Do I need to replace my car seat after a crash or accident?
Why You Should Replace Your Car Seat After A Crash For Increased Car Seat Safety
The question you are probably here asking: Do I have to replace my car seat after a crash?
Answer: It depends on the severity of the crash you were involved in based on NHTSA’s five criteria (listed below) and what your specific car seat manufacturer says about that specific child restraint. If you are unsure after reading this post, the best thing to do is call the manufacturer of your specific car seat.
Many car seats need to be replaced if they were in a vehicle that is involved in a crash — even if the child was NOT in the car seat during the crash. Crash forces can be extreme. The seat will withstand some crash energy even if the seat were empty and even more so if the car seat was occupied.
In a substantial crash, the crash forces may be enough to bend the steel in your car’s frame, therefore, obviously enough to damage the plastic in your child’s car seat (even if you cannot see the damage with the naked eye).
Does your car seat or car seat booster need to be replaced?
In the past the National Highway Traffic Safety Administration (NHTSA) recommended to replace a child restraint whenever it was in a crash no matter the severity of the crash.
However, NHTSA has revised that recommendation in an attempt to reduce the number of children without a child restraint while their crashed restraint is being replaced and reduce costs for consumers and insurance companies.
NHTSA Cites Child Car Seat Safety Studies
NHTSA cites several international studies which showed that after minor vehicle crash tests, even when there is visible stress to the child restraint, the restraint still performed well in subsequent crash tests.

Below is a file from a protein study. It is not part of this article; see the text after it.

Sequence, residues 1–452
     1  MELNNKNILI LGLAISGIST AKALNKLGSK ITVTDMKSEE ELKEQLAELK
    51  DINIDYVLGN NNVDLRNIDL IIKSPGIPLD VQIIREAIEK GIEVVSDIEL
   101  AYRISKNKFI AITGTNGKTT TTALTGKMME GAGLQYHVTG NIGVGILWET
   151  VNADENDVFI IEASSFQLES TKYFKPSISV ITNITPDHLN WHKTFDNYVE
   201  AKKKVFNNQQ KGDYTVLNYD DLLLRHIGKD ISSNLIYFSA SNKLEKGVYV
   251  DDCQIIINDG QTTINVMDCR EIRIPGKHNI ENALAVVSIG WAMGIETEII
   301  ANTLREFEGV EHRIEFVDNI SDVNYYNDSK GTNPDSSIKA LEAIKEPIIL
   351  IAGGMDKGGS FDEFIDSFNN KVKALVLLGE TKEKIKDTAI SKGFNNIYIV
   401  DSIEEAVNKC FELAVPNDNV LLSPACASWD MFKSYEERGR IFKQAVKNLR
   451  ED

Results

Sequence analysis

NHTSA’s policy on replacing child restraints after minor vehicle crashes to the following:
- NHTSA recommends that child safety seats and boosters be replaced following a moderate or severe crash in order to ensure a continued high level of crash protection for child passengers.
- NHTSA recommends that child safety seats do not automatically need to be replaced following a minor crash..
Minor crashes are those that meet ALL of the following criteria:
- The vehicle was able to be driven away from the crash site;
- The vehicle door nearest the safety seat was undamaged;
- There were no injuries to any of the vehicle occupants;
- The air bags (if present) did not deploy; AND
- There is no visible damage to the safety seat
Will Your Insurance Company Replace Your Booster Seat or Car Seat After A Crash?
Most insurance companies will replace your car seat in a crash without question.
When our car was merely stolen and the car seats were found a few blocks away having been thrown out of the car, our insurance replaced them just in case there was unseen damage. (Our car was later found torn to shreds on the inside, seat belts were torn out and who knows what else happened in there.)
The insurance company had us buy a new car seat right away and they reimbursed us from the receipt. They don’t require you to buy the same seat. For instance, if your child was about to outgrow an infant seat, the insurance company will allow you to buy a convertible in its place.
What to do with the crashed seat if it needs to be replaced?
You may have a couple of options depending on where you live. Some cities have recycling programs for car seats. If you cannot find a place to recycle your car seat you’ll need to dispose of it. To dispose of it properly, you want to essentially make it unusable by anyone else by cutting the straps and removing any detachable parts.
If you were in a crash, what was your experience with your insurance company? Share your comments below.
By Amie Durocher, Creative Director at Safe Ride 4 Kids and certified CPS Tech since 2004
Copyright 2015 Safe Ride 4 Kids. All rights reserved. This material may not be published, broadcast, rewritten or redistributed without permission.
This post was originally published August 2013 and has been updated for accuracy and comprehensiveness.